Domestic Violence

Domestic violence or intimate partner violence is unsettlingly common in Canada. Reports of domestic violence account for approximately one quarter of all police reported violent crimes. We also know that a large portion of domestic violence goes unreported.

Why is the issue of domestic violence relevant to family law?

Not only does a history of violence inform how family law lawyers negotiate, communicate or otherwise proceed in their representation of a client, it is also relevant to issues of parenting under various laws in Ontario.


The Children’s Law Reform Act, directs a court to consider whether a person has at any time committed violence or abuse against: (a) his or her spouse; (b) a parent of the child; (c) a member of the person’s household; or (d) any child. While a history of violence may not disqualify a parent from having parenting time with a child, it may require that safeguards are put in place.

On July 1, 2020, the Divorce Act will be amended to specifically recognize the relevance of family violence. The Divorce Act defines family violence as:

  1. physical abuse, including forced confinement but excluding the use of reasonable force to protect themselves or another person;
  2. sexual abuse;
  3. threats to kill or cause bodily harm to any person;
  4. harassment, including stalking;
  5. the failure to provide the necessaries of life;
  6. psychological abuse;
  7. financial abuse;
  8. threats to kill or harm an animal or damage property; and
  9. the killing or harming of an animal or the damaging of property.

It is important to note that the behaviour does not have to be criminal to be considered by a court.

A court will have to consider the impact of family violence on parenting and contact arrangements, including its impact on the ability and willingness of the person who engaged in family violence to care for and meet the needs of the child.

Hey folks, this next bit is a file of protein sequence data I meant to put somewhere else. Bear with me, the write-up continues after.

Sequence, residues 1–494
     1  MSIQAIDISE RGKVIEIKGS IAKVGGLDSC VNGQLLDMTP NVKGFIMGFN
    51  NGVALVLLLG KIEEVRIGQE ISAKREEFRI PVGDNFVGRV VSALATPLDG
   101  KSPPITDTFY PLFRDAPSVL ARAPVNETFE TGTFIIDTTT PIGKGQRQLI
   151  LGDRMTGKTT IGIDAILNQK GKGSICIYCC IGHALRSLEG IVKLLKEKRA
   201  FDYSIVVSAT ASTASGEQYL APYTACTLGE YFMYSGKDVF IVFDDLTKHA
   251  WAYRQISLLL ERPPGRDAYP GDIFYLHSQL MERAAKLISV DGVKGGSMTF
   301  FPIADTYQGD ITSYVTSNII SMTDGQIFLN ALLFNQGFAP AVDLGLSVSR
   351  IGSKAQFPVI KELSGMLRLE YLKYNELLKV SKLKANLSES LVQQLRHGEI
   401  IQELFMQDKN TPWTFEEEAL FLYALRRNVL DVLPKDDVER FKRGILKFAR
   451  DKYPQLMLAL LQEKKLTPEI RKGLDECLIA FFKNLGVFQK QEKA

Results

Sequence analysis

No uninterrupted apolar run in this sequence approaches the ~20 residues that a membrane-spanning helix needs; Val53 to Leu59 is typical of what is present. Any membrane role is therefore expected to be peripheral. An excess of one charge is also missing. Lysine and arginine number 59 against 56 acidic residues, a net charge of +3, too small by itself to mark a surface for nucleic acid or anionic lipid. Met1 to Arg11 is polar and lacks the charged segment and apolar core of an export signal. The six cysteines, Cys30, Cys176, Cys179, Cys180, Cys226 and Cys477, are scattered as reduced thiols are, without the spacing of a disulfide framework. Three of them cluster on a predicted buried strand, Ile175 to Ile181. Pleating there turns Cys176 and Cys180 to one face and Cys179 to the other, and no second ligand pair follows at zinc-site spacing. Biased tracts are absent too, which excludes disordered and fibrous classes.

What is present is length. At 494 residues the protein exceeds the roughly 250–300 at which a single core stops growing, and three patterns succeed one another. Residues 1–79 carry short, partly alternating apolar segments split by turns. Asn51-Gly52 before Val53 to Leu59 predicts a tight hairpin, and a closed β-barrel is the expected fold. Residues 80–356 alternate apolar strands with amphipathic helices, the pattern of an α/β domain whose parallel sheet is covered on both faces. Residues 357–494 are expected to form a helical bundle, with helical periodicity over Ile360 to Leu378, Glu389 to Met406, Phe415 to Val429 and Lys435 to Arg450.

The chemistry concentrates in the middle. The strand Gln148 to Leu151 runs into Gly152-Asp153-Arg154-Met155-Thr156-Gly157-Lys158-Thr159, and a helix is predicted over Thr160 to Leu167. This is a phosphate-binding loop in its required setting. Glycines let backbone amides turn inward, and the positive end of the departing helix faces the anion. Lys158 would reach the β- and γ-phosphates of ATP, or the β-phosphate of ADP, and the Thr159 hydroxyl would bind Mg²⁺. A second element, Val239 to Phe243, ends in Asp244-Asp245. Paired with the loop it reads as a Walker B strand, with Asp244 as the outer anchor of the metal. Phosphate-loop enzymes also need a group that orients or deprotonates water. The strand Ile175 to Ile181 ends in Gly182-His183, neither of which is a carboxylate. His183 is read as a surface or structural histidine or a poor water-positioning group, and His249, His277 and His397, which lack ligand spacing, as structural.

Where there is domestic violence/intimate partner violence/family violence, it may not be appropriate to agree to joint or shared custody.

Exclusive Possession of the Matrimonial Home

If your spouse is violent, you can request an order form the court granting you exclusive possession of the matrimonial home. This will force the other spouse out of the home (regardless of who is on title to the home).

Child Protection Concerns

If the violence is directed at children or if the children are exposed to or witness family violence, you should report it to your child protection agency. It is important to note that all persons, including parents have a duty to report violence or possible violence to child protection agencies.

If you are involved in a family situation in which there is domestic violence, intimate partner violence, or family violence, please contact us at Frenkel Tobin. We have years of experience addressing these issues and can help you navigate the challenges of family law.